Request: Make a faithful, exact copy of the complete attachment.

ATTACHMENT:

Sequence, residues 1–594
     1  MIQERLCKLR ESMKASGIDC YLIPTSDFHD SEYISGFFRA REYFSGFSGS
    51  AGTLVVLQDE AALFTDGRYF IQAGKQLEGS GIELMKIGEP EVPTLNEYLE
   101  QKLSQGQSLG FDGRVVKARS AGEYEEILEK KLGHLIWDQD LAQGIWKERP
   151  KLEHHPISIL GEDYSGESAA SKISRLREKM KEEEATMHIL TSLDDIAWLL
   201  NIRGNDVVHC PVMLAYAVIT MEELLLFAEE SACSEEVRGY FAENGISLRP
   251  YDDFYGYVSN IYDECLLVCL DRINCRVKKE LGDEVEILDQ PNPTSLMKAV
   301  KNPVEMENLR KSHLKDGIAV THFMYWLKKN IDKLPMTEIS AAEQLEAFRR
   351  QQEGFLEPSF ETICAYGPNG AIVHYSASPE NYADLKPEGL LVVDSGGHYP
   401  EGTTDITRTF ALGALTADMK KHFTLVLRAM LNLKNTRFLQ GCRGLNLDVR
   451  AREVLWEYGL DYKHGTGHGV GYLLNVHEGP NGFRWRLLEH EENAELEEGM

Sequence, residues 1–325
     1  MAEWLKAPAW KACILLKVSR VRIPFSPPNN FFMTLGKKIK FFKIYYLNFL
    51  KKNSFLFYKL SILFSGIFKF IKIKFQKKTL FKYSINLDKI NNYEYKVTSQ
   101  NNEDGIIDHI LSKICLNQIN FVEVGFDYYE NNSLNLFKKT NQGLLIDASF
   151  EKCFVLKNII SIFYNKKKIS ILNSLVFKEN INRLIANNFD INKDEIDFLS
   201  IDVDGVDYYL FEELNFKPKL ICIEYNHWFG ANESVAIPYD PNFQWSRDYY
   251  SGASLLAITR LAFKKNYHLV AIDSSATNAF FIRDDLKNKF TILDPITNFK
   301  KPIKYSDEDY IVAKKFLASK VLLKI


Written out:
Sequence, residues 1–594
     1  MIQERLCKLR ESMKASGIDC YLIPTSDFHD SEYISGFFRA REYFSGFSGS
    51  AGTLVVLQDE AALFTDGRYF IQAGKQLEGS GIELMKIGEP EVPTLNEYLE
   101  QKLSQGQSLG FDGRVVKARS AGEYEEILEK KLGHLIWDQD LAQGIWKERP
   151  KLEHHPISIL GEDYSGESAA SKISRLREKM KEEEATMHIL TSLDDIAWLL
   201  NIRGNDVVHC PVMLAYAVIT MEELLLFAEE SACSEEVRGY FAENGISLRP
   251  YDDFYGYVSN IYDECLLVCL DRINCRVKKE LGDEVEILDQ PNPTSLMKAV
   301  KNPVEMENLR KSHLKDGIAV THFMYWLKKN IDKLPMTEIS AAEQLEAFRR
   351  QQEGFLEPSF ETICAYGPNG AIVHYSASPE NYADLKPEGL LVVDSGGHYP
   401  EGTTDITRTF ALGALTADMK KHFTLVLRAM LNLKNTRFLQ GCRGLNLDVR
   451  AREVLWEYGL DYKHGTGHGV GYLLNVHEGP NGFRWRLLEH EENAELEEGM

Sequence, residues 1–325
     1  MAEWLKAPAW KACILLKVSR VRIPFSPPNN FFMTLGKKIK FFKIYYLNFL
    51  KKNSFLFYKL SILFSGIFKF IKIKFQKKTL FKYSINLDKI NNYEYKVTSQ
   101  NNEDGIIDHI LSKICLNQIN FVEVGFDYYE NNSLNLFKKT NQGLLIDASF
   151  EKCFVLKNII SIFYNKKKIS ILNSLVFKEN INRLIANNFD INKDEIDFLS
   201  IDVDGVDYYL FEELNFKPKL ICIEYNHWFG ANESVAIPYD PNFQWSRDYY
   251  SGASLLAITR LAFKKNYHLV AIDSSATNAF FIRDDLKNKF TILDPITNFK
   301  KPIKYSDEDY IVAKKFLASK VLLKI